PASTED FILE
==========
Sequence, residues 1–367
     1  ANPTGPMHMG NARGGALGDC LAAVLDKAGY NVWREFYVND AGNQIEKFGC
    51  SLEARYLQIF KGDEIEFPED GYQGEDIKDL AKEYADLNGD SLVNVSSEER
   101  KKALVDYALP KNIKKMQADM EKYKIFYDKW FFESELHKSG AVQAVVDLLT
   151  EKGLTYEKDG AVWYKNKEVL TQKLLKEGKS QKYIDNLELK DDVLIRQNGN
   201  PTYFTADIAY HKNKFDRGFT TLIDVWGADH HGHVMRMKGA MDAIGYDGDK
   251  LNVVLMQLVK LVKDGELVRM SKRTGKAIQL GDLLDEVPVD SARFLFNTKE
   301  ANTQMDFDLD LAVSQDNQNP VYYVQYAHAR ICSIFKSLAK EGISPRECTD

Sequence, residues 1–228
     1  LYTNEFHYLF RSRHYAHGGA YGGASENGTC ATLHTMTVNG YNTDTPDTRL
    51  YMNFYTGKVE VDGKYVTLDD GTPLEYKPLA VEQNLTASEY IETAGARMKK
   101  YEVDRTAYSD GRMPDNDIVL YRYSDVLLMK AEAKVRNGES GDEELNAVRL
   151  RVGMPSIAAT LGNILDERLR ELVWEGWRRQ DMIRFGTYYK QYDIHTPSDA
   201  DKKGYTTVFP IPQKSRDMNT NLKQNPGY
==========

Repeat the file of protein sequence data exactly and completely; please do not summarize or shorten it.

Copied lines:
Sequence, residues 1–367
     1  ANPTGPMHMG NARGGALGDC LAAVLDKAGY NVWREFYVND AGNQIEKFGC
    51  SLEARYLQIF KGDEIEFPED GYQGEDIKDL AKEYADLNGD SLVNVSSEER
   101  KKALVDYALP KNIKKMQADM EKYKIFYDKW FFESELHKSG AVQAVVDLLT
   151  EKGLTYEKDG AVWYKNKEVL TQKLLKEGKS QKYIDNLELK DDVLIRQNGN
   201  PTYFTADIAY HKNKFDRGFT TLIDVWGADH HGHVMRMKGA MDAIGYDGDK
   251  LNVVLMQLVK LVKDGELVRM SKRTGKAIQL GDLLDEVPVD SARFLFNTKE
   301  ANTQMDFDLD LAVSQDNQNP VYYVQYAHAR ICSIFKSLAK EGISPRECTD

Sequence, residues 1–228
     1  LYTNEFHYLF RSRHYAHGGA YGGASENGTC ATLHTMTVNG YNTDTPDTRL
    51  YMNFYTGKVE VDGKYVTLDD GTPLEYKPLA VEQNLTASEY IETAGARMKK
   101  YEVDRTAYSD GRMPDNDIVL YRYSDVLLMK AEAKVRNGES GDEELNAVRL
   151  RVGMPSIAAT LGNILDERLR ELVWEGWRRQ DMIRFGTYYK QYDIHTPSDA
   201  DKKGYTTVFP IPQKSRDMNT NLKQNPGY